I’m sure you have seen the Agile Dilbert cartoon. I’ve been sent this cartoon from a couple people at work and now Javier is looking for my comments…So here goes.
The comic highlights that management doesn’t seem to understand the business impact of agile methods. There is a strong, embedded culture in management for fixed feature, fixed budget, and fixed timeline projects. In most organizations, this culture comes from the budget process. The budget process is similar to the waterfall method for software development. You define your objectives for the following year (scope), determine the hard costs to achieve those objectives (costs), track the budget through out the year(deadline) and tie a bonus for staying within budget.
What happens at the end of the year? If there is money left in the budget, managers find a way to allocate the money so they won’t lose the budget next year. Not very efficient! If they are short on money either move money from another budget, or find some ways to cut some costs last minute.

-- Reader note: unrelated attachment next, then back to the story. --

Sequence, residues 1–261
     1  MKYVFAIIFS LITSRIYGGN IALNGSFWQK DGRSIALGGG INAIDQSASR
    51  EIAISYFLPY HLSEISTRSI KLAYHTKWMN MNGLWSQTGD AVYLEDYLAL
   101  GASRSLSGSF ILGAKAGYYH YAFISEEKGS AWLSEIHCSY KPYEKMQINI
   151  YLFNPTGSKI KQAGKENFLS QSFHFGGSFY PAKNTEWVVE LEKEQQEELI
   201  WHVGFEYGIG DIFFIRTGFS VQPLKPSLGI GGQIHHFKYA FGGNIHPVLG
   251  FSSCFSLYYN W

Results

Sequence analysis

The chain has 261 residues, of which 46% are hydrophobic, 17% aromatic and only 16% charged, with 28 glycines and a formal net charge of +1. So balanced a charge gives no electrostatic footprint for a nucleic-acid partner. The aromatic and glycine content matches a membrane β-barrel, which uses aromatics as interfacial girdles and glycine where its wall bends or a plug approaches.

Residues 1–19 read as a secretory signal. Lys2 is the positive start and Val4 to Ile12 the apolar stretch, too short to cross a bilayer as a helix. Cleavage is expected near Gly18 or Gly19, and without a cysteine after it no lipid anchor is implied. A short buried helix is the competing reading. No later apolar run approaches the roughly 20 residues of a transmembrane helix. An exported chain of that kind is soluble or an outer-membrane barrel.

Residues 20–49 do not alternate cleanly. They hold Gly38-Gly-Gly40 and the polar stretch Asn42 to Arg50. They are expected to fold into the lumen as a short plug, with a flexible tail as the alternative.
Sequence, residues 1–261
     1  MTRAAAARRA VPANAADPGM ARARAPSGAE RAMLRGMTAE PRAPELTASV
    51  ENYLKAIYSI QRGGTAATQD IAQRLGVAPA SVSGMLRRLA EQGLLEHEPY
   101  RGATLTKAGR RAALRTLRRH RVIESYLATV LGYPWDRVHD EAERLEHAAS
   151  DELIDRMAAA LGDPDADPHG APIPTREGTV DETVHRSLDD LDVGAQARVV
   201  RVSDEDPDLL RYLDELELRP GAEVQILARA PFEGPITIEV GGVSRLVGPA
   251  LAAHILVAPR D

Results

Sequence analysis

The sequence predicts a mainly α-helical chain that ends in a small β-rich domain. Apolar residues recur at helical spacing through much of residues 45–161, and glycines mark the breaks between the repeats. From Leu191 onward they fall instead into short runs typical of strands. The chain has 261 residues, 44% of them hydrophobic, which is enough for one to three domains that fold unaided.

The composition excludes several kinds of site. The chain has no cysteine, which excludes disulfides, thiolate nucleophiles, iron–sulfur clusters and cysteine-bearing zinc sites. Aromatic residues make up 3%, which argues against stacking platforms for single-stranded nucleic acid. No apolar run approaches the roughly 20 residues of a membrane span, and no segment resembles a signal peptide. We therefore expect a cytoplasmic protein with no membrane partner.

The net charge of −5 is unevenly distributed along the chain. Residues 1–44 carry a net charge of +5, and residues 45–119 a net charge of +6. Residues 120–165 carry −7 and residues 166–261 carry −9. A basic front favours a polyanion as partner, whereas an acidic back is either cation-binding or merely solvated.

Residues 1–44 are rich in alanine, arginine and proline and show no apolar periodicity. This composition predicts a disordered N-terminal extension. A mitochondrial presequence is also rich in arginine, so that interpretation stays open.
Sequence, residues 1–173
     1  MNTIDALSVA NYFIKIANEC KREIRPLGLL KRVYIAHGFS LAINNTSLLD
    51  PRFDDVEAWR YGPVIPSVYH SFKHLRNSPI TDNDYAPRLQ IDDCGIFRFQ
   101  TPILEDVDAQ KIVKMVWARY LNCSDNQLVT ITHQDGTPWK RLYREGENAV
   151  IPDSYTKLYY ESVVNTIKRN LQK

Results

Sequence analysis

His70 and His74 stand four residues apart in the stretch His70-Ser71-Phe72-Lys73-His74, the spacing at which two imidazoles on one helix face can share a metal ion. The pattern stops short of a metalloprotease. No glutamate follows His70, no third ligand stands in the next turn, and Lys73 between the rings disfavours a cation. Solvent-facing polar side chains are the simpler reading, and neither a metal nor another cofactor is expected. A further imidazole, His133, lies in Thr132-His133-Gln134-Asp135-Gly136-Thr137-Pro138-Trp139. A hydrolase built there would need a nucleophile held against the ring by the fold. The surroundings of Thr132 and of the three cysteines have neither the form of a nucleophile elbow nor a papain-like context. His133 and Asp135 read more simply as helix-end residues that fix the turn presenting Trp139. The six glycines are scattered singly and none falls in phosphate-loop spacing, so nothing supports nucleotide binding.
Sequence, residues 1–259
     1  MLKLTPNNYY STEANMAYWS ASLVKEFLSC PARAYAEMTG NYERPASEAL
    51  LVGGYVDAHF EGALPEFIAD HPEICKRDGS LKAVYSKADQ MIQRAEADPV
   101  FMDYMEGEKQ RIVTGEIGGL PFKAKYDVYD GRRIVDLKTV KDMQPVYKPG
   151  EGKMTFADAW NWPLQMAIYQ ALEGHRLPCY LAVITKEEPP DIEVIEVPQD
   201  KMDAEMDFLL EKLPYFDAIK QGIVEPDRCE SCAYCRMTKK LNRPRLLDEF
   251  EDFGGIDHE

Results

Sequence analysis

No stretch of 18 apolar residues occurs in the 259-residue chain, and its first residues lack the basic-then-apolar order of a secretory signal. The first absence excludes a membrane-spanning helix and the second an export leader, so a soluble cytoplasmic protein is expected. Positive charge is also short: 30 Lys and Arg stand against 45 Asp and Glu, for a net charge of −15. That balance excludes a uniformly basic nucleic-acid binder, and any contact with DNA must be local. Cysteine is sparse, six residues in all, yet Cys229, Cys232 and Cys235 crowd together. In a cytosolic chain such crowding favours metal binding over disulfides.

I think management would improve by implementing a more agile process. What if they supplement the long term objectives with short term goals (iterations), track progress along with costs (burn down) and have the option to change or cancel the objective if the business value isn’t found.
We are a long ways away from this happening, but there is hope. In Jack Welch’s new book, Winning, he talks about changing the fixed budget culture within G.E. to an “Operations Plan” culture. The operations plan is a yearly plan that outlines goals and costs for the company with flexibility to change over time. This frees managers to make decisions that are good for the business, not just good for their bonus.